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Of all the critiques of the Enlightenment, the most telling may well be the one the age gave of itself, most notably in the life and writings of Jean-Jacques Rousseau. This searching autocritique, long overlooked in accounts of our eighteenth-centuiy heritage, receives its first full treatment in Mark Hulliung’s book. Hulliung restores Rousseau to his historical context, the world of the philosophes, and shows how he employed the arsenal of Voltaire, Diderot, and others to launch a powerful attack on their version of the Enlightenment.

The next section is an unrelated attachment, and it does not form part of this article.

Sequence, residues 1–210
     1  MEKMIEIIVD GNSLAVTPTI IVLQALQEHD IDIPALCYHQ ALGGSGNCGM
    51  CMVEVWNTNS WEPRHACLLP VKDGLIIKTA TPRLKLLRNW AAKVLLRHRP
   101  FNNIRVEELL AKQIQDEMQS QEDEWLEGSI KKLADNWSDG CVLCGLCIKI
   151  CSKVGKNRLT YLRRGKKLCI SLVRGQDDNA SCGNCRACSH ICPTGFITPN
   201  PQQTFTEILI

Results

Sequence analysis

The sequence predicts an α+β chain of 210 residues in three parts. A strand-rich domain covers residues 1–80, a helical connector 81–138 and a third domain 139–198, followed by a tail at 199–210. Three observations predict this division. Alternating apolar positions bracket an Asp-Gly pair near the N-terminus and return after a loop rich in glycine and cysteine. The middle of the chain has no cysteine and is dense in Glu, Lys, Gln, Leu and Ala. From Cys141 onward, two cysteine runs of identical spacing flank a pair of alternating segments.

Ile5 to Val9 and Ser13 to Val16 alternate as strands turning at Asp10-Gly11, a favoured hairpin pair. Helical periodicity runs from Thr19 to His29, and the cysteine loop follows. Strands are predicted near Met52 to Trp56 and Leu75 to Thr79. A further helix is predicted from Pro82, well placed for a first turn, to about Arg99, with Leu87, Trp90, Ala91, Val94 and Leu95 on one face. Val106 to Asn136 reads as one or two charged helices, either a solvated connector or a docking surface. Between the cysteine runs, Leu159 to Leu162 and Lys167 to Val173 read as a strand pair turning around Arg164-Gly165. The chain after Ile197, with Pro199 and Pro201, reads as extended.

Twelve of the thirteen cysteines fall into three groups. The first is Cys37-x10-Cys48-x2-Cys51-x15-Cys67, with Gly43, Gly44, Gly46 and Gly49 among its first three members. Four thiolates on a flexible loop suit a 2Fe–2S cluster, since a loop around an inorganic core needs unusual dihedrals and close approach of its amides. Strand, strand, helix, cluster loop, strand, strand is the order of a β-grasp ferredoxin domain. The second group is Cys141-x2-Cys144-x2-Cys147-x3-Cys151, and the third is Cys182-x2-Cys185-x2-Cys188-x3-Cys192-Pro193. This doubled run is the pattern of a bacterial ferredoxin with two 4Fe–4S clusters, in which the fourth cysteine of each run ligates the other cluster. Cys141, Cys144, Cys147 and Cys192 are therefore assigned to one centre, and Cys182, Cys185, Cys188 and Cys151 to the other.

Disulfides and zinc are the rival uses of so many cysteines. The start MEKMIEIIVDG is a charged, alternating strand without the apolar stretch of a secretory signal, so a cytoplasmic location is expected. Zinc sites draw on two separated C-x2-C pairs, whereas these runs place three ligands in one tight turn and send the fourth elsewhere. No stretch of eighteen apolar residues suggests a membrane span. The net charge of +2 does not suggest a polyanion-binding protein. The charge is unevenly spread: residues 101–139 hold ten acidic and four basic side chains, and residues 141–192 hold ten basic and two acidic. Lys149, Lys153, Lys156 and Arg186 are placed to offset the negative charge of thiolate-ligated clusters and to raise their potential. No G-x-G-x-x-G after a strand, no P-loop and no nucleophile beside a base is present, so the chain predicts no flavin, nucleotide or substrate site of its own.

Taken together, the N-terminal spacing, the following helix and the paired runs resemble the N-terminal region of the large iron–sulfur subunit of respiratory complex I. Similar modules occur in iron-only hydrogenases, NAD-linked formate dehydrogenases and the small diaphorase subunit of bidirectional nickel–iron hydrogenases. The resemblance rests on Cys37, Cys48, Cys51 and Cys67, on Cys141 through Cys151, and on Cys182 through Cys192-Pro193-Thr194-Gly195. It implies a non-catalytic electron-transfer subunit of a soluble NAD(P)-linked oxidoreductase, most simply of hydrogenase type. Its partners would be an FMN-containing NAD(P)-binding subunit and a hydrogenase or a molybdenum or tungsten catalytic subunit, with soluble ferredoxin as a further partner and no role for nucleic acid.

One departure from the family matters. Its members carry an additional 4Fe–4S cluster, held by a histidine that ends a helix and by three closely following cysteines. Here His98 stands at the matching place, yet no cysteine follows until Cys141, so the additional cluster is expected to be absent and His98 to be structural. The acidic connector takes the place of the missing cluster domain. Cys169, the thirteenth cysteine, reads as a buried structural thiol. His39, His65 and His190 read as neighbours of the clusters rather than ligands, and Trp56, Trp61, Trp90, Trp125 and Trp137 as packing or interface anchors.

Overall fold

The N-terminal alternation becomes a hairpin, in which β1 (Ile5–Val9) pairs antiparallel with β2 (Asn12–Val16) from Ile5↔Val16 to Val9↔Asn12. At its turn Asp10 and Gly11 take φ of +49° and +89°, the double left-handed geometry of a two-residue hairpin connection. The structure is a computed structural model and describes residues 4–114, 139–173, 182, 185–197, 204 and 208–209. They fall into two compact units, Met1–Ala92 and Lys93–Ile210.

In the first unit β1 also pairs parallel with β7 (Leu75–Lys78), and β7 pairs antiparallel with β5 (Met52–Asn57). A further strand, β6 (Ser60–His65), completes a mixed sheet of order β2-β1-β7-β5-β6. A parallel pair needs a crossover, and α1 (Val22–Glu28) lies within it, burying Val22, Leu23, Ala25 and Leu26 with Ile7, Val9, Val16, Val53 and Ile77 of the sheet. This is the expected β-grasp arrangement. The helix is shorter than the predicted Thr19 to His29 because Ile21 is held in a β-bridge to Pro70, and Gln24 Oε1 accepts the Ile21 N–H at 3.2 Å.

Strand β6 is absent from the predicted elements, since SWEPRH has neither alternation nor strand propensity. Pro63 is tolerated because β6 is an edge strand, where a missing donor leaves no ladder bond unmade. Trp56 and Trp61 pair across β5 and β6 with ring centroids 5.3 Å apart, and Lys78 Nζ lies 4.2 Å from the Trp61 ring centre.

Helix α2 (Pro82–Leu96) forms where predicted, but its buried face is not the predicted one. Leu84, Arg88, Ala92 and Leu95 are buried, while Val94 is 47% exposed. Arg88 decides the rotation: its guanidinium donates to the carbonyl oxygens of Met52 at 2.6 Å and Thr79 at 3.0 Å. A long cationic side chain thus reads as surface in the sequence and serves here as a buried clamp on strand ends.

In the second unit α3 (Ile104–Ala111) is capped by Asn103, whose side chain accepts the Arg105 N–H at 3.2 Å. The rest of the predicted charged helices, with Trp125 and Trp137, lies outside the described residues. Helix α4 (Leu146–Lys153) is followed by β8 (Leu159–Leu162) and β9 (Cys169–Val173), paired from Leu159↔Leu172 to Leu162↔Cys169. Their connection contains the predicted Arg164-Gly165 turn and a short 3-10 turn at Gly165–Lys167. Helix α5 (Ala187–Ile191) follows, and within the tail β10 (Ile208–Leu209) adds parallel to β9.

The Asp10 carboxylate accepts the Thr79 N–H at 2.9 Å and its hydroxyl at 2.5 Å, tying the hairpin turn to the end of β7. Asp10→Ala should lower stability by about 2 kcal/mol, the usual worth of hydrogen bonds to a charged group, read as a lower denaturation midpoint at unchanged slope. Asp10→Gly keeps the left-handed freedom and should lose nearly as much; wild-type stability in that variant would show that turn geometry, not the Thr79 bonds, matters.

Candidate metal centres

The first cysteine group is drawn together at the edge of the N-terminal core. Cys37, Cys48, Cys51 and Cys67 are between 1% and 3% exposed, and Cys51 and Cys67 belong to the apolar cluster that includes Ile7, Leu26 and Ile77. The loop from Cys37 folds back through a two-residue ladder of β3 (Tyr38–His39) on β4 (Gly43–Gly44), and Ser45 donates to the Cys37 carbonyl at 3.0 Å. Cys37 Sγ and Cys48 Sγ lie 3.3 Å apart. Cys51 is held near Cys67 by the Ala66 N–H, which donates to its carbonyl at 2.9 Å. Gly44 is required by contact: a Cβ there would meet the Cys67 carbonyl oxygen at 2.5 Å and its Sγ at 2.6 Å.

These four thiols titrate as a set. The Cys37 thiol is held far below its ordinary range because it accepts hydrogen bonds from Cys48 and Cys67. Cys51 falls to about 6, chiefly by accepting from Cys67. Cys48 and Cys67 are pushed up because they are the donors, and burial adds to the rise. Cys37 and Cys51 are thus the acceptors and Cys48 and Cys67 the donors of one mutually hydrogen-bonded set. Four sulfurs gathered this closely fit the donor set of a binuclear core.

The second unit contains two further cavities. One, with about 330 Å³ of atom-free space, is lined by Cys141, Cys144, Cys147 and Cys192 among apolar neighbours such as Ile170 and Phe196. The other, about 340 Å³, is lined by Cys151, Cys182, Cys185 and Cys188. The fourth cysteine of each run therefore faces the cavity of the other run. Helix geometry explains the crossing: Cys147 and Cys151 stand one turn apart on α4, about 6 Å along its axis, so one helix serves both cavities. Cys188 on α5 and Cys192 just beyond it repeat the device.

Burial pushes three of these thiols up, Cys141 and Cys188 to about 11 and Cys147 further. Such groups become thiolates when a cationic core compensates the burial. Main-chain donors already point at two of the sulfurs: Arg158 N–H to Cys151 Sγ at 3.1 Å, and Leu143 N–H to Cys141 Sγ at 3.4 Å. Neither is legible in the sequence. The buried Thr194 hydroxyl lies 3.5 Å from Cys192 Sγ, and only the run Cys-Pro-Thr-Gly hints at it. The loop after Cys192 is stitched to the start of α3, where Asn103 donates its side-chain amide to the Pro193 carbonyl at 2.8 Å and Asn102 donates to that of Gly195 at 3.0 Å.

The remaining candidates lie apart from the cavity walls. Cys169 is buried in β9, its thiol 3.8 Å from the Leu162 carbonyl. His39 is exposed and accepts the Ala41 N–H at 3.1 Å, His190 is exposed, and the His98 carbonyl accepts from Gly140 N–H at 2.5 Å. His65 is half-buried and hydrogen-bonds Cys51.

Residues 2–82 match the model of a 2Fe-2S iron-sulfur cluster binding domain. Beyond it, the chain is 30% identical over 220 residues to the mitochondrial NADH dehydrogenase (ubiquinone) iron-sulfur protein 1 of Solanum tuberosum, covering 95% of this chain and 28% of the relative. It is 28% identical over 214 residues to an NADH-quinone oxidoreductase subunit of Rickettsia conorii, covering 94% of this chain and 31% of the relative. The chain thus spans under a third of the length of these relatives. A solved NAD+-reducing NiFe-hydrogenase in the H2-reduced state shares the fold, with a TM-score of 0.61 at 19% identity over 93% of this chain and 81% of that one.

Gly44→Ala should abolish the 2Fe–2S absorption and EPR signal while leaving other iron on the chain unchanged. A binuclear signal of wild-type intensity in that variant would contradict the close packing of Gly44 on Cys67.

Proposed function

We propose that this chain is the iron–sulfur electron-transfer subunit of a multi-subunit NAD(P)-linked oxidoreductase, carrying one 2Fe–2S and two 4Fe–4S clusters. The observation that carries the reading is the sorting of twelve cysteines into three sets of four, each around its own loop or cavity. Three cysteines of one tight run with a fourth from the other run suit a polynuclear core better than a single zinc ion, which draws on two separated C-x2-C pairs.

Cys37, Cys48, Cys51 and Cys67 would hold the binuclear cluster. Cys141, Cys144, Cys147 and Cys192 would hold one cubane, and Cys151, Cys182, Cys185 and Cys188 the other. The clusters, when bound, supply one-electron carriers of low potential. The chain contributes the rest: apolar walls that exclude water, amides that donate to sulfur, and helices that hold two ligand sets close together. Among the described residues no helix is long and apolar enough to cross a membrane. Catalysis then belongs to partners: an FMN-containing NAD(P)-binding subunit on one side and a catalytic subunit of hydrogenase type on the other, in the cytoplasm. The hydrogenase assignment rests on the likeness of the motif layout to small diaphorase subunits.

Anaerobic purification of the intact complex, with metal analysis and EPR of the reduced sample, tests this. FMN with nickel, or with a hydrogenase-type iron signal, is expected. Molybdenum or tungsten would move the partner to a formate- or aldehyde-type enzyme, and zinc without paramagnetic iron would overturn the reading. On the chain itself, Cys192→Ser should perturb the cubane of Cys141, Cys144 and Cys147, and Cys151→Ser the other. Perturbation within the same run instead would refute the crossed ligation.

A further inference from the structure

With great intellectual skill and rhetorical force, Rousseau exposed the inconsistencies and shortcomings that called the entire program of the Enlightenment into question: in the psychology of Locke, the genre of philosophical and conjectural history, the latest applications of science to the study of society and politics, and the growing interest in materialist modes of thought. As the century moved on, Hulliung argues, the most advanced philosophes found themselves drawn to conclusions that paralleled Rousseau’s—an agreement that went unacknowledged in the acrimonious climate of the time. The Enlightenment that emerges here is richer, more nuanced, and more self-critical than the one reflected in current interpretations. By extracting Rousseau from the personal entanglements that stymied debate in his time and that mislead critics to this day, this study finally reveals the remarkable—and remarkably unacknowledged—force of his accomplishment.